Evening grosbeaks, like many birds, unfortunately, are somewhat of a rare sighting in New England these days. They used to be more common in our region, but now a sighting is cause for celebration. I haven’t seen any at my home yet, but I did spy one during my early November trip to Pittsburg, N.H.

Lida in Harrisville sent some great photos of much larger birds that visited her backyard feeder. The photo shows two wild turkeys on her deck — not far from the glass door — eating from a platform feeder.

Ken in Swanzey and Sandy in Keene shared a concern: Where are all the birds.

Both have had plenty of birds at their feeders in the past — even the recent past — but suddenly the birds stopped showing up.

Ken writes: “Our two feeders are normally jammed with at least eight species of small birds. It is not unusual for me to have to fill each feeder daily, such are their fall appetites. And, then, a month ago, gone! Nothing!”

Sandy shared: “About a week before Thanksgiving we stopped seeing or hearing any bird activity. Post-Thanksgiving, we have spotted just a few. This is not typical of years past.”

It’s a question I get fairly often at different times of the year. The typical responses I hear others give is that the feeders may be dirty, a cat or a hawk may be lurking nearby, the seed may be old, or maybe the birds have found another feeding station nearby.

Those reasons, or a combination thereof, may be the cause for the disappearance of birds from some backyards. I doubt they are true in many cases, however. My guess is that the feeders are clean, the seed is fresh, predators are coming and going as usual, and there are plenty of birds to occupy all the feeders in the neighborhood.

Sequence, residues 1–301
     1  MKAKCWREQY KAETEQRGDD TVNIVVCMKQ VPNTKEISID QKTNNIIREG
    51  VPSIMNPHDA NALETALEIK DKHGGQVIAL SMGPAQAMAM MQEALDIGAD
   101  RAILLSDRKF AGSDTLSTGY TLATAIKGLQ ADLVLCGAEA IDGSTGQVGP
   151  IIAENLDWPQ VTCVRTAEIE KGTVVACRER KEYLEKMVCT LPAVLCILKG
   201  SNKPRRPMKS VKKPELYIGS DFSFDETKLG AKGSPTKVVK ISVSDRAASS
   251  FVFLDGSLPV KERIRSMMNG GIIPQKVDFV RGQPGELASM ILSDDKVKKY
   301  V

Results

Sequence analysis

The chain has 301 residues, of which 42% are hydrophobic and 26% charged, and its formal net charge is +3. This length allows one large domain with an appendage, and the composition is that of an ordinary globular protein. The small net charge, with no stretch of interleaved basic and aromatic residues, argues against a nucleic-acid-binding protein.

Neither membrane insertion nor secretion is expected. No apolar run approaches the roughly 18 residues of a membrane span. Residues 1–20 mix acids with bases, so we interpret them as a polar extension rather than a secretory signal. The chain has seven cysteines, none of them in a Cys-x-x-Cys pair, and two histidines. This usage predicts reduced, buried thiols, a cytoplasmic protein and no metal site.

So, what is it then? My response is typically that there is no simple answer and that the birds will eventually return.

Nature has its cycles and is just as unpredictable as it is predictable. We can do all the studies and research we want, but we’ll never have all of the answers. That’s part of what makes nature so fascinating to us.

It can be frustrating for sure to look out the window and not see the number of birds you typically see. It can also be concerning. I wouldn’t worry so much about a short-term dearth of birds at your feeders, however, frustrating as that may be.

It is important to take note of these slow periods — as Ken and Sandy have done — because when short-term turns into long-term, then there’s cause for real concern.

For the Birds: The siskins come at last

Photo by Chris Bosak Pine siskins visit a feeder in Danbury, Connecticut, fall 2018.

A wise man once said: “The nature of a winter finch irruption, however, could mean a sizable flock of pine siskins can show up and empty out my Nyjer seed feeder at any moment.”

Just kidding. That was me writing two weeks ago about the hot start to the winter finch season. The wise man part is up for debate.

At the time of that writing, a female purple finch had been my only out-of-the-ordinary sighting at my feeding station. A week later a few fox sparrows showed up. I know fox sparrows are not finches, but they can fit loosely into the category of winter finches because of their sporadic visits to New England backyards.

Then last week, true to the sentence at the top of this column, the pine siskins showed up. It started out with two siskins sharing the tube feeder with a group of goldfinches. The next day, I counted three siskins. The third day, about 20 siskins showed up and occupied every perch on the tube feeder and a nearby hopper feeder. The spillover Continue reading